Saturday, January 17, 2015

MLK D.A.R.E – Why I Will Be Marching On Monday

On Monday, January 19 POWER, the interfaith social justice organization of which I am a part, along with several other social justice and labor organizations have organized a march called MLK Day of Action, Resistance and Empowerment. The march will focus on racial justice in three areas: education, employment and criminal justice. We will be demanding a fair and full funding formula for public education and local control of our school board (which has been under partial state control since 2001); we will be demanding a raise in the minimum wage to $15/hour and the right to form unions; and we will be calling for an independent citizens review board to work with the police and an end to “stop and frisk” tactics used by police. We are expecting at least 10,000 people from across the metropolitan area to participate. I intend to be one of them, and those of you who live near or in the city, I urge you to be there too.

This march is an extension of the many actions that have occurred over the past couple months since the decisions to not indict in the highly publicized  Ferguson and Staten Island cases. However, this march also marks the coming together of several organizations that have been working for a much longer time on their own campaigns and that recognize we share the same struggle for equity and fairness for all, just in different arenas. Further it recognizes that there is an ongoing process of dehumanization against poor people and people of color occurring in this country, and that the deaths of Michael Brown and Eric Garner were not isolated events, but symptomatic of a deep and pernicious ongoing process of injustice. Furthermore the march recognizes the deep divides between the privileged and the oppressed, the haves and the have-nots. As the “Call to Conscience” statement written for the march states:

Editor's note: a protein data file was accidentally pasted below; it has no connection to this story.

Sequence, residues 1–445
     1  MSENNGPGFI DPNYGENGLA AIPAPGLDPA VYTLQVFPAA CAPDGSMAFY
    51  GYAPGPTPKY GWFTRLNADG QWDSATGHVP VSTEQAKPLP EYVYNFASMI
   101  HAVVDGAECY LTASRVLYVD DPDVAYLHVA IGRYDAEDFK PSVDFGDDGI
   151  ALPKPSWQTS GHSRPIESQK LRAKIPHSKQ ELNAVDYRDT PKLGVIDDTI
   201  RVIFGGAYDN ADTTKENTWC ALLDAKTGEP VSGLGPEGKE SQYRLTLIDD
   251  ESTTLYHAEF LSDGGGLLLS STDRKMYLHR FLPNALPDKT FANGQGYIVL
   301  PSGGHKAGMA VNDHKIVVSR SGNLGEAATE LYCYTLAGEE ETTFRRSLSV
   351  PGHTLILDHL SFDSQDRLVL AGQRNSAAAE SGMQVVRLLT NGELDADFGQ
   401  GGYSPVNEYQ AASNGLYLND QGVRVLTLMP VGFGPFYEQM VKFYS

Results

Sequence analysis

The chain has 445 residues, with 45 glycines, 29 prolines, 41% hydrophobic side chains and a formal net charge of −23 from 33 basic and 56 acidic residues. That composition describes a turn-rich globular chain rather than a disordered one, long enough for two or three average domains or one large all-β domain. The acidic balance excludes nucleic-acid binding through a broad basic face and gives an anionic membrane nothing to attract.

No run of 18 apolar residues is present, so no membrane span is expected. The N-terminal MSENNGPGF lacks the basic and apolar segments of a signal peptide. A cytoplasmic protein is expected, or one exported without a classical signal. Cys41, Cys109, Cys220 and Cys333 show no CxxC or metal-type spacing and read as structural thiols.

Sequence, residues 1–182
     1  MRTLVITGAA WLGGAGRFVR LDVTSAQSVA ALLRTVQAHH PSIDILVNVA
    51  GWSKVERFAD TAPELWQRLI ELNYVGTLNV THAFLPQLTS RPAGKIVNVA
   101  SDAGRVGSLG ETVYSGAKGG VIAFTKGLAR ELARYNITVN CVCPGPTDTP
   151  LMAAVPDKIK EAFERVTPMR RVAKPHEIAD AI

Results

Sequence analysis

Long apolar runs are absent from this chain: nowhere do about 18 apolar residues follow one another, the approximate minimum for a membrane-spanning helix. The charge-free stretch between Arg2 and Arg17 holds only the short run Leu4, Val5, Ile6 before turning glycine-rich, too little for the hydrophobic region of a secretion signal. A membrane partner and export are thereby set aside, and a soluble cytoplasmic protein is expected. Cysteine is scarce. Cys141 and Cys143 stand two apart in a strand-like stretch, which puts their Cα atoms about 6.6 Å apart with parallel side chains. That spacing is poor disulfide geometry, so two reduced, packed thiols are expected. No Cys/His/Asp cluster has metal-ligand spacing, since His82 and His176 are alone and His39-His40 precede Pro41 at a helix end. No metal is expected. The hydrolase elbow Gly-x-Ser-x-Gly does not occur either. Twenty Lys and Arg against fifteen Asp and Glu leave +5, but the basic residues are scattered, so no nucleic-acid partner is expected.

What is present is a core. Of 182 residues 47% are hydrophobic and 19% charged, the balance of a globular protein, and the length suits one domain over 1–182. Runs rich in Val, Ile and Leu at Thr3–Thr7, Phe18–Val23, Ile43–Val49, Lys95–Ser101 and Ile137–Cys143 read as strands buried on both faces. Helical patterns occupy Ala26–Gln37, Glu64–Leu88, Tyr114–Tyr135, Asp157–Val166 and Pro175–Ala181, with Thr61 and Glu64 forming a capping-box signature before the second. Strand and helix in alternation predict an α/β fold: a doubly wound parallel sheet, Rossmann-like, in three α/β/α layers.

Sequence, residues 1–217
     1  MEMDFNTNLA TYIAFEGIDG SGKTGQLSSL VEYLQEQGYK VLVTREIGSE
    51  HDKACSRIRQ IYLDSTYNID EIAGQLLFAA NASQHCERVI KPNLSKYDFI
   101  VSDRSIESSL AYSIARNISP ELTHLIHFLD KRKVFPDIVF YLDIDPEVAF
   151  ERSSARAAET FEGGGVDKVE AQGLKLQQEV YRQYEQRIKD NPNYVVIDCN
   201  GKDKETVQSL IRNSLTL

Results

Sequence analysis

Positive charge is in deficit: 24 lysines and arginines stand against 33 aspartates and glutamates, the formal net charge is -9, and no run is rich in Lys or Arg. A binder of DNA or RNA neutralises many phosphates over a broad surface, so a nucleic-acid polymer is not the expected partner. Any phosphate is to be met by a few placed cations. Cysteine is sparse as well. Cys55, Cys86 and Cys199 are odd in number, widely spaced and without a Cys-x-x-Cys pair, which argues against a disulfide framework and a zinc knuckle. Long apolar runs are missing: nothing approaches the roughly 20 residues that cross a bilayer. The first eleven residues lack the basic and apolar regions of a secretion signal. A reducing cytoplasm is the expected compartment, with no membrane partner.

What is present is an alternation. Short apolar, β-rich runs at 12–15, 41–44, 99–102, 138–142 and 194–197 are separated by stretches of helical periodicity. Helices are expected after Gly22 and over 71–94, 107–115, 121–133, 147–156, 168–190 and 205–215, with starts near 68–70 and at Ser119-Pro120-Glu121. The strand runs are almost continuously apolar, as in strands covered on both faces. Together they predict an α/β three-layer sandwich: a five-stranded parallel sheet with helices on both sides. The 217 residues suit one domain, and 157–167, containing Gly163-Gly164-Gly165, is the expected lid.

“Philadelphia is more divided along race, class and gender lines than at any time in recent memory. We are two cities, one of privilege and wealth, the other of poverty, police brutality, low and poverty wages, collapsed schools and collapsing neighborhoods.”

The march also recognizes that the memory of Dr. King itself has itself been sanitized, in that we remember him only as a great servant of oppressed people. However, as the recent movie "Selma" so clearly depicts, Dr. King was also  a modern day prophet whose words not only challenged the powers of his time, but speak to the powers of our era as well. As the “Call to Conscience” also says:

“It is time to break the silence about what Dr. King called the triple evils: racism, poverty and militarism. These forms of violence, indeed terror, exist in a vicious cycle, deteriorating hope, progress and opportunity, as a result of humankind's depravity toward its own.”